Geomedia: 'Dinosaur 13' chisels away at the story behind discovery of Sue

'Dinosaur 13' opens in theaters Friday, Aug. 15. 'Dinosaur 13' opens in theaters Friday, Aug. 15.
As the most complete Tyrannosaurus rex skeleton ever found, “Sue” is an icon. She even has her own logo and her own Twitter account. Sue made history in the early 1990s, and not just for being a major paleontological discovery: The human drama that unfolded afterward is the focus of the 2002 book “Rex Appeal,” and, now, the subject of a new documentary, “Dinosaur 13,” to be released in theaters Aug. 15.

The film’s title references the fossil’s discovery as the 13th intact T. rex skeleton to be uncovered. Now totally clear of rock, the fossil legend headlines at the Field Museum of Natural History in Chicago, but the bones had a long journey to their current location and it all started at a cliff in South Dakota.

In 1990, paleontologist Peter Larson, his brother Neil and a team of collectors from the Black Hills Institute of Geological Research were on a dig in the South Dakota Badlands. One of the crew, Sue Hendrickson, went for a hike and started finding bone chips littering the base of an outcrop. She looked up and upon finding three sizeable vertebrae sticking out of the cliff, ran back to camp. The Larsons, Hendrickson and the rest of the team had made the largest discovery of their lives, and they subsequently spent months excavating the skeleton.

In the early scenes of the film, it excels at drawing out the sense of discovery, and by weaving in original footage, it evokes an intense feeling of being in the moment. The documentary deepens this connection with excellent landscape images. There is nothing quite like a badlands vista — the white sun baking bare rock, molting shales flaking off fantastical spires, and vast flatlands pushing back the horizon. The beauty of the landscape and the accompanying music create a sense of awe, carefully designed to make the film’s next part seem like falling off a cliff.

Two years after the excavation of the skeleton, more than 30 FBI agents and the South Dakota National Guard swarmed the Black Hills Institute and confiscated Sue and all related records.

The film’s director and producer, Todd Douglas Miller, draws out the story’s pathos. Seamlessly interweaving footage of locals chanting in protest, the paleontologists shedding genuine tears and armed forces escorting the boxed skeleton, the film oozes a sense of infuriation.

This is even more evident when the Black Hills team is arrested and slapped collectively with a 153-charge, 39-count federal indictment. For Peter Larson, all but two of the charges were dismissed. He was found guilty of customs violations and sentenced to two years in federal prison. In the film, Larson recalls one of the prison guards reading from his paperwork that the reason listed for his incarceration was “a failure to fill out forms properly.”  

Viewers will likely find themselves identifying with the paleontologists, but the film overreaches in trying to liken Larson’s incarceration with Sue’s “incarceration” and preparation for auction. Furthermore, the filmmakers gloss over complex and important issues involved in paleontological research: the balancing act of reconciling major personal disruption with unbiased research amidst intense media coverage; academia’s disdain for commercial fossil collection; and conflicts over ownership and property rights; and the laws surrounding the collection of fossils.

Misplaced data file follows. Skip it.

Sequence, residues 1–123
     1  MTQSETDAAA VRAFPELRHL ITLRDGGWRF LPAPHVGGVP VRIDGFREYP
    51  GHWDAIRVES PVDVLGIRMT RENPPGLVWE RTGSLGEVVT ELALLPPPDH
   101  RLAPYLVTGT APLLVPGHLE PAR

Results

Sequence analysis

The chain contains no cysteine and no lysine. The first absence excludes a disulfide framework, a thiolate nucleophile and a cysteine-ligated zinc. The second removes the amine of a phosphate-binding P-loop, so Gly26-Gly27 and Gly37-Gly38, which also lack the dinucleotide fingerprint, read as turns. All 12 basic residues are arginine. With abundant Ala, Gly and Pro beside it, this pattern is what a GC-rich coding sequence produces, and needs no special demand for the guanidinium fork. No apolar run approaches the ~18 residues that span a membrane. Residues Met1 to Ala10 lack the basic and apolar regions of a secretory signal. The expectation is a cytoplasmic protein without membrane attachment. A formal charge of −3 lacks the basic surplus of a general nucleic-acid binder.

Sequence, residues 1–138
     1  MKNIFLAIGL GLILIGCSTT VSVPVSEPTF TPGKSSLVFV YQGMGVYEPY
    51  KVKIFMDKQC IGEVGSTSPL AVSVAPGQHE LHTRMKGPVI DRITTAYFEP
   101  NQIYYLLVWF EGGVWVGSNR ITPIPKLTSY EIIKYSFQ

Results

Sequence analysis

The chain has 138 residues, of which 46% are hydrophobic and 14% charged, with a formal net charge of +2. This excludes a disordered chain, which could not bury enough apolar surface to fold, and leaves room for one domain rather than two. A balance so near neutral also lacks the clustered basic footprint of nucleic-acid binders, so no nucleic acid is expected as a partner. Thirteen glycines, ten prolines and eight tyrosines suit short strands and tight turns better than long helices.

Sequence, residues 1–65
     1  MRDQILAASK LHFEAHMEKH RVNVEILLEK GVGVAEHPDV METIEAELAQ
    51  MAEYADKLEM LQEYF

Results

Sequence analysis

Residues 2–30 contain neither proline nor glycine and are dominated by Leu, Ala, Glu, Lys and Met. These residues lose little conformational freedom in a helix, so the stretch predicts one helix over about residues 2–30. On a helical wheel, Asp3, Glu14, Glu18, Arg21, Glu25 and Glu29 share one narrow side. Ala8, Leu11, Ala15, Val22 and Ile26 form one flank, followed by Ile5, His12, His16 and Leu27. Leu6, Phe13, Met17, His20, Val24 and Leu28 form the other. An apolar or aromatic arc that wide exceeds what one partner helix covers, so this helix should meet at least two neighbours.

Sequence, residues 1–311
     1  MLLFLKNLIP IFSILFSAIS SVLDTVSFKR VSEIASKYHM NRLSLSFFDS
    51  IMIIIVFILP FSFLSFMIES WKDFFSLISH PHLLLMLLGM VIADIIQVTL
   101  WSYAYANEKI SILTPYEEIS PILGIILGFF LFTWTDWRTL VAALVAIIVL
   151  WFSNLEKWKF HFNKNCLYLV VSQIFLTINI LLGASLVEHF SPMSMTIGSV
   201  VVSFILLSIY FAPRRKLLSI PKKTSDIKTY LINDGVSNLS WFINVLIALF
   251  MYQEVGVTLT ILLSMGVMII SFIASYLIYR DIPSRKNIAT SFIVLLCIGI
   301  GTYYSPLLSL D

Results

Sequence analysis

As Larson’s lawyer acknowledges in the film, “Sue came out from an absolute legal netherworld.” That netherworld lies at the intersection of tribal, federal and private lands. Sue was found on a tribal rancher’s trust lands, land overseen by the federal government for an individual or tribe. The research team thought they were on private land and, indeed, old footage with the land owner at the dig site was used as evidence of this. (If nothing else, the ensuing confusion carries the lesson that a researcher should always know the land-use restrictions of their field sites.)

In the courts, the federal government, Cheyenne River Sioux and rancher Maurice Williams all contended with the Black Hills Institute for ownership of the skeleton. In the end, Williams won out and collected more than $7 million for Sue at auction.

Williams, who passed away in 2011, does not appear in the film. But neither do any members of his family or the Cheyenne River Sioux tribe. According to Newsweek, the tribe declined to do any interviews, but the lack of these voices is by far the most disappointing part of “Dinosaur 13,” leaving it feeling unbalanced.

Despite this and the missing nuance of other scientific issues, the documentary is worth watching — at the very least for the badlands vistas, but also because it’s a story the geoscience community shouldn’t forget.

The film’s trailer can be viewed at


Allison Mills

Allison Mills

Mills works as a science and technology writer for Michigan Tech, moonlighting as a freelancer and dance instructor. She earned her master's in environmental science and natural resource journalism at the University of Montana and studied geoscience as an undergrad at Northland College. She considers herself a radio geek and occasional rock licker. 

Friday, August 15, 2014 - 05:00

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